Thursday, December 18, 2008

A Place Within: Rediscovering India by M.G. Vassanji

M.G. Vassanji and his parents and grandparents lived and worked in East Africa. He now lives in Canada but welcomed an opportunity to travel in India, the land of his ancestors. A Place Within: Rediscovering India talks about his sense of coming home but still observes the country as an outsider. He is neither Hindu nor Muslim, and he’s horrified by the religious violence that can erupt in India. But unlike North Americans, he’s at home in a poor, crowded country. He looks back at the country’s long, long history of being invaded again and again and the diverse mix of people and religions and cultures this has created in India. It’s a fascinating look at a very complex country.

I also feel very much at home with his perspective. I was born in Africa of British parents. I have spent roughly half my life in Saskatoon, but the rest of my life has been spent wandering. I’ve lived in four Canadian provinces and spent 2 ½ years in France. Sometimes I envy people who have lived their whole lives in one place. They are so rooted and appear to have such a strong sense of belonging. And yet sometimes they have a very narrow outlook on life. My hairdresser in Slocan had a husband who worked at the local saw mill. The only future she could envisage for her sons was to also work at the mill. The girls in my Slocan Brownie group all wanted to be hairdressers because that was the only career option for women that they were familiar with. I’m sure the auto workers and their families in Detroit and Windsor have a similarly narrow perspective.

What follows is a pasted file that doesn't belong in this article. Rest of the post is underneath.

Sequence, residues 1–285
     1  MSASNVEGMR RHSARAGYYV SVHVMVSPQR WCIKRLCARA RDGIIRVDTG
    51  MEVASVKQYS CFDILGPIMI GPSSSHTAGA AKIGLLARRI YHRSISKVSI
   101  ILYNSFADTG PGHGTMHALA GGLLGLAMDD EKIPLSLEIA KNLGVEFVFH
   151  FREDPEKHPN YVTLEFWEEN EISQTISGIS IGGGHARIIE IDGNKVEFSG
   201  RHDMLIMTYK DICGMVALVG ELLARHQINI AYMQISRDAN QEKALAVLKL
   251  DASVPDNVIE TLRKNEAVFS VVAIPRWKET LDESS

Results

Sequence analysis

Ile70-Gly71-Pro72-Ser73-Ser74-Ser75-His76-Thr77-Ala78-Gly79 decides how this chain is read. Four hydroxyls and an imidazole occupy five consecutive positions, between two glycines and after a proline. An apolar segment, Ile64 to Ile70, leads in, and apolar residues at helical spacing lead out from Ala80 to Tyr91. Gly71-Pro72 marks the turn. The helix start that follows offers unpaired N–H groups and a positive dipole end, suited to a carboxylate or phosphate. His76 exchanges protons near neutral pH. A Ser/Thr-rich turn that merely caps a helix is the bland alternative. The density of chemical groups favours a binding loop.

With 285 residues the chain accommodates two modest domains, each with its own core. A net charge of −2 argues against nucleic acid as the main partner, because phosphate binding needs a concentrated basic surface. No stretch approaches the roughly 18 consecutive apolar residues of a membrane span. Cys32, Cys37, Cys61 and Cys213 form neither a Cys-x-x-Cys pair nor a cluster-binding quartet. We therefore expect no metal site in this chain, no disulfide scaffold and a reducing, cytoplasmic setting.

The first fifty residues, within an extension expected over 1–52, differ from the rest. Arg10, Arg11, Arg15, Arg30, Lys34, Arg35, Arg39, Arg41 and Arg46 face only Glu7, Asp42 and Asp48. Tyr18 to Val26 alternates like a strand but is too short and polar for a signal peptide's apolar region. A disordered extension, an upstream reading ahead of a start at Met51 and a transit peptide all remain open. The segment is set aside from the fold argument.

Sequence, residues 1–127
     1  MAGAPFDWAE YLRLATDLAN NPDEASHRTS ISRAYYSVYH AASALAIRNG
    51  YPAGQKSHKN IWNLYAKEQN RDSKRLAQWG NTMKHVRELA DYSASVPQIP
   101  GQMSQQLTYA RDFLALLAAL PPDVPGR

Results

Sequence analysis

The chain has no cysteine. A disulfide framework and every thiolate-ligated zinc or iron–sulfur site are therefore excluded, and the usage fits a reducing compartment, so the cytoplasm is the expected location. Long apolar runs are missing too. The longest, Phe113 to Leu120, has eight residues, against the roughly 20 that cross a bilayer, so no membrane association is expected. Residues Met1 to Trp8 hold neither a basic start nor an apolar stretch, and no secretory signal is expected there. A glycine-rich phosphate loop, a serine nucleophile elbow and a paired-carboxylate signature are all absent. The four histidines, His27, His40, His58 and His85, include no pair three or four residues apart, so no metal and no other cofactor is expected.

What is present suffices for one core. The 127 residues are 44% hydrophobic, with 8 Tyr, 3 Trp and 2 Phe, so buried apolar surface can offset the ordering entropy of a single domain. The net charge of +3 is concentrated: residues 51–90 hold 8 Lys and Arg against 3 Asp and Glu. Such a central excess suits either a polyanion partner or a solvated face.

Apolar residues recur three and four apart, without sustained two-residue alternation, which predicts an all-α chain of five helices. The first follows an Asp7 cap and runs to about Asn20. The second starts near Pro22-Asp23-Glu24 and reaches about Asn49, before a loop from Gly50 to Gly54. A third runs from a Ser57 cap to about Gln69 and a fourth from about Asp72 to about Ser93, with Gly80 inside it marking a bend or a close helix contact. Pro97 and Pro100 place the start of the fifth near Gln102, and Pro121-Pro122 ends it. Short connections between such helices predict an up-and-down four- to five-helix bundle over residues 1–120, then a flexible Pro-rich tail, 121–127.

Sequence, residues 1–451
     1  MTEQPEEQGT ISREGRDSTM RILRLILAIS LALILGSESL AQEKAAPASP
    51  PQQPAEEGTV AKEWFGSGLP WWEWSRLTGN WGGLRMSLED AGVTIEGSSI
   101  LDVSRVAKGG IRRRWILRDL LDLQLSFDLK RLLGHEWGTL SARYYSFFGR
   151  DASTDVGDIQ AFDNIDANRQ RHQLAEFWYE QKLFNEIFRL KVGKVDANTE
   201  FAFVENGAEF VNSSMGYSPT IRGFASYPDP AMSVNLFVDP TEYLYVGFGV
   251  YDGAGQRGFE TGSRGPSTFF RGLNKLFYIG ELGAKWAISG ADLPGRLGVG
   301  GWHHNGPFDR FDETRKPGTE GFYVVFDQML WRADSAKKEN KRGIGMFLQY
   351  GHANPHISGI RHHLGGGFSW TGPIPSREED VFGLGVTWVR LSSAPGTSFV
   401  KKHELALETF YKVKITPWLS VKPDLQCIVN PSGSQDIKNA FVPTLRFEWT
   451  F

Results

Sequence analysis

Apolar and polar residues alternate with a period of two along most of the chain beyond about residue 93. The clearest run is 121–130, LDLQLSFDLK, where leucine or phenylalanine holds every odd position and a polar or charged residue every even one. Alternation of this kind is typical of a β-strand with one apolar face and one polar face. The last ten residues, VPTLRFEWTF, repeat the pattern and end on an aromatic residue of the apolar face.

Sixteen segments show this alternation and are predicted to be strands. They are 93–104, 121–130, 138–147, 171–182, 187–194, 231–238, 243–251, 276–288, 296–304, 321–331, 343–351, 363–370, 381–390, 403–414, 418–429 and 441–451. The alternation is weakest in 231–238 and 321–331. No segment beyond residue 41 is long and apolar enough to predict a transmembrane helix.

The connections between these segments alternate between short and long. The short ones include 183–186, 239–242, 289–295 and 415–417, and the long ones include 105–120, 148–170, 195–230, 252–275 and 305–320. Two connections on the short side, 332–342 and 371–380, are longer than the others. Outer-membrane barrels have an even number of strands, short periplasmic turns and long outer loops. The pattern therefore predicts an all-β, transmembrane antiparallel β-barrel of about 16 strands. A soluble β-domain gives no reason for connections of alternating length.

I was astonished to read that 60% of Canadians opposed the NDP/Liberal coalition. Why? Was it just too different, too unexpected? So many other countries have coalition governments, but how many Canadians are aware of European or New Zealand politics?

I’ve also been a vegetarian for 25 years and was gardening organically and reading books about the environment long before it was popular.

It can be lonely living outside the mainstream of society, and it’s often confusing because there are no clear cut blacks and whites. But it’s also very exciting because I can think for myself and make my own decisions without being limited by society’s mandates.

1 comment:

Stephanie V said...

Re coalitions: I think the media have done a pretty fair job of poisoning that well. We don't hear the successes just the complications and failures.